It is many years ago now – in fact more than “threescore and ten” – since I first become aware of the unwelcome, bewildering and disruptive power of life-threatening illness and its impact upon the family. Indeed, I was still well within ‘single figures’ and shortly to attend primary school for the first time, when, with ‘Damoclean’ suddenness, it happened on that first occasion. Without any form of prior warning almost every aspect of family life seemed, as I later perceived it, to be placed under a kind of siege. Sadly – and with relative suddenness – the death of my eldest sister from meningitis swiftly followed and in an instant, that gladdening contentment with its comforting assurances, daily drawn from a settled and stable family life (I was the youngest of six) seemed suddenly to fade and, for a time, disappear “like snow off a dyke”. My mother’s very evident distress and that of other family members, especially, I remember, as night drew on, only served to add to such overriding early feelings of change, loss and confusion; and as I, in a word now recall it, of injustice. Moreover, it did for a time, as I remember it, become unsettling and threatening in another sense. If sickness and death could so quickly, unexpectedly and devastatingly overtake and overcome the eldest and (in my eyes) in every way most grown-up member of our family, what chance did a little fellow such as I stand in life?
Fortunately for me, it was also through such early experiences of painful loss and family grieving that I witnessed first hand and – as I recall it now – a kindly comforting power of selfless caring. Almost as long as I can remember during childhood, another sister had been required to wear a calliper on one of her legs, due to the effects of a serious chronic illness and for most of her childhood was unable to walk unaided. For a time in pre-school days, I had been included in my sister’s daily visits to the local hospital and I learned a great deal for which I am grateful to this day, from her example of sheer courage and perseverance in the face of such adversity. As I look back over the years, I am thankful too, for loving and devoted parents and also, during those days, for a special loving and caring relationship with another sister, a true mentor in almost every sense (who was herself to be taken from this life some six years later). In a recent volume entitled, “A Cancer Illness: Prescriptions for Everyday Coping – In Letter Form, I have from time to time made reference to those early and formative days and over the course of this correspondence, I may occasionally draw on them again where appropriate. Sufficient is it to state at the outset of this present and of future writings employing this format, that such experiences as life seems (as we see it at the time) to inflict upon us – where they are sensitively and adroitly handled by those in whose charge and care we are – can and do surely cause us to grow and blossom into stronger, more sensitive-to-others and self reliant individuals. Indeed, it was in those early days that I first began to learn how fortunate and necessary it is to have a guiding hand so readily available although, of course, such sentiments only really began to take conscious form and shape in later years. It was also during those days that I slowly began to learn of just what it might be possible to achieve in life; and to recognize the earliest awarenesses of such likely inner achievement and feelings of fulfilment.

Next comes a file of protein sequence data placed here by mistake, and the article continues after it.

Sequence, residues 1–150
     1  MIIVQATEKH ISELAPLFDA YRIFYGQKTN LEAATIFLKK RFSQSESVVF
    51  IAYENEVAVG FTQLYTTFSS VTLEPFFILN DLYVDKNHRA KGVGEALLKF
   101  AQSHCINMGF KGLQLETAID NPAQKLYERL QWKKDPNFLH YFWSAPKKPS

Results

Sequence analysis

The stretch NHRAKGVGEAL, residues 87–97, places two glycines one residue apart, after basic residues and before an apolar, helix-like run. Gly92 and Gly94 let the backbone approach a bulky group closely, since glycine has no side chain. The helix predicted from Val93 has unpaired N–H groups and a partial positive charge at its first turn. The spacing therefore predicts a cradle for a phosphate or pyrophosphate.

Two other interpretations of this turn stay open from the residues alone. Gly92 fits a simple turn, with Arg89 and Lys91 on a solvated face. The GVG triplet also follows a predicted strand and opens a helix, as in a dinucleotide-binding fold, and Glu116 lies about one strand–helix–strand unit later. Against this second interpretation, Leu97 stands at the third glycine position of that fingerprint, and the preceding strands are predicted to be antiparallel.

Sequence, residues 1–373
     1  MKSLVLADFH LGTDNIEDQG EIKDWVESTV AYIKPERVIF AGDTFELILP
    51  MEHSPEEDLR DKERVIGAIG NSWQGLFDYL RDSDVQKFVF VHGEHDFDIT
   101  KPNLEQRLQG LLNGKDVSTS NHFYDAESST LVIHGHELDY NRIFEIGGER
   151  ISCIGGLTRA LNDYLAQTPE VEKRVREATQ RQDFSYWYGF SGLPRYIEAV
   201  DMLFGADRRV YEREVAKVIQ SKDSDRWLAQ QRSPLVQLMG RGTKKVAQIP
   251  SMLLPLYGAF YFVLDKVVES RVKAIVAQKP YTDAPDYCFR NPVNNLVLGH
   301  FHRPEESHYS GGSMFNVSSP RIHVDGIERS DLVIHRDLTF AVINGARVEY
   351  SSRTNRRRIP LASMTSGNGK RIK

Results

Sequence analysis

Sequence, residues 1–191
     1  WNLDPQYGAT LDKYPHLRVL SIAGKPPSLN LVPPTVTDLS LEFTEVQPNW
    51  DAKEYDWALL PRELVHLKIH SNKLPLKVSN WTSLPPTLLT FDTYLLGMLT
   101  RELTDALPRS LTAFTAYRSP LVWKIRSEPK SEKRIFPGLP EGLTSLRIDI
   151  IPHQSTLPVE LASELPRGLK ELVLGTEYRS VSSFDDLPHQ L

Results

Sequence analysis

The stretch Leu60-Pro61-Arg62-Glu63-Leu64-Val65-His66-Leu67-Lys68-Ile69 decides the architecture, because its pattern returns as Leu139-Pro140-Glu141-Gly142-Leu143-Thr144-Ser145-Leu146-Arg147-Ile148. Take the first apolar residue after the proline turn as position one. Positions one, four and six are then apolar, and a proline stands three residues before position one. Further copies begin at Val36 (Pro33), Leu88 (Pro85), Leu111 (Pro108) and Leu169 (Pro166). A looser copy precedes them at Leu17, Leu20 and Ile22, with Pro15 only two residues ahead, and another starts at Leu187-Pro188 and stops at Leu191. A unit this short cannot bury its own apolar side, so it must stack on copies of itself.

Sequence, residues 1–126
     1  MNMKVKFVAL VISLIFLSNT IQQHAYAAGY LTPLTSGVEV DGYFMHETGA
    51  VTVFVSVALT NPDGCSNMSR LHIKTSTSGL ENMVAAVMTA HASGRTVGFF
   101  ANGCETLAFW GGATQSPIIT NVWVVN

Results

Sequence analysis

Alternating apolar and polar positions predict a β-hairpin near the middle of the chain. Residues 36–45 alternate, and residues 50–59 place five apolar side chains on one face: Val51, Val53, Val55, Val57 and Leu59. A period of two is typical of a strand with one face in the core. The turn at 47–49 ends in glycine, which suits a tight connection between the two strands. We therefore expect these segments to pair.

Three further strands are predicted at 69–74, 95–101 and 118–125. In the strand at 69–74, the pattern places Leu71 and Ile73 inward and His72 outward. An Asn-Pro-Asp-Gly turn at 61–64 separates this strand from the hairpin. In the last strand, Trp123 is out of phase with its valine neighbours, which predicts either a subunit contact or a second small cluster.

I do, of course, readily acknowledge that the very process of looking back over time – and especially over the earliest experiences available, i.e. via conscious memory – can and often does somewhat distort and even alter or rearrange what actually appears to remain ‘on-board’ and available to everyday awareness. Nevertheless, these two broad strands (as they both appear to me) of on the one hand powerfully entrenched, at times, seeming conflicting memories of loss and its impact and consequences; and on the other, of a potential healing and creative power through the selfless love and care of others, can and, I believe, in my own case has, combined to provide in later years, for a stronger more insightful, person-centred approach to and awareness of the cares and needs of others. Of course, in any attempted self-assessment one is likely to be biased and that possibility should be born in mind when reading the above.